292 pages, no illustrations
The "globalization of economic relations" hypothesis is becoming more prominent in everyday social science and public affairs. As multinational and transnational corporations continue to grow, goods, services and money become increasingly mobile. Advocates of the hypothesis claim that this mobility creates forms of competition beyond the current nationally organized forms of a worker representation and state representation. Defined in this manner, globalization can be seen as a threat to welfare states, policies of full employment and national living standards.
By examining the underlying assumptions of the globalization arguments, the authors investigate the changing relationships between the local and the global, the territorialization of economic life and the organization of labour.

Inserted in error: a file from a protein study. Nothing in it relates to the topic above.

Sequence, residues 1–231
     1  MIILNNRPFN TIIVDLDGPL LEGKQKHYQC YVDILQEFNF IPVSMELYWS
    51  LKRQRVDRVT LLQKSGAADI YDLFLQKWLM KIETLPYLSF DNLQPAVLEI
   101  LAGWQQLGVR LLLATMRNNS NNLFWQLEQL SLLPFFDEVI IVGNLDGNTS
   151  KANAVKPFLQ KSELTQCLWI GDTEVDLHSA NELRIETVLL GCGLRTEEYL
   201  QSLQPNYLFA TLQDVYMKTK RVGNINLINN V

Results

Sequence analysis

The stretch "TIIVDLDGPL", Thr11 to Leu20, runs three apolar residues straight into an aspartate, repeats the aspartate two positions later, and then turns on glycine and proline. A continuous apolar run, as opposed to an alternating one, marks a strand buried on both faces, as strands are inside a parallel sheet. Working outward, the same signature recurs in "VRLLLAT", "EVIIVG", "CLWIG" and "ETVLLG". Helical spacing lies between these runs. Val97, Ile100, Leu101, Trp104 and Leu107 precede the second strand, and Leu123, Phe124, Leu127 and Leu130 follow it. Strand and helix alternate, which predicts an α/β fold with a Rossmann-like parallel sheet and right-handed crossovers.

..".This book...does, very effectively I believe, begin to challenge some of the myths, generalizations and simplifications associated with globalization theory, and to assert the power and the analytical importance of understanding the local....This is an excellent and welcome text, measured both in terms of the quality and authority of the contributions, as well as offering an intellectual breath of fresh air to the globalization thesis swamp." --Peter M. Ward, Planning Forum, 1997
"This fine book tackles the myth of globalization head on, joining a handful of recent works that put in question many widely held assertions about the economics and politics of the new global economy. Editor Kevin Cox has assembled a strong, coherent set of essays by some of the finest minds in contemporary economic geography, whose voices carry far beyond the boundaries of the discipline. Global capitalism has not one but many geographies, none of which have been erased by the rising tides of inte
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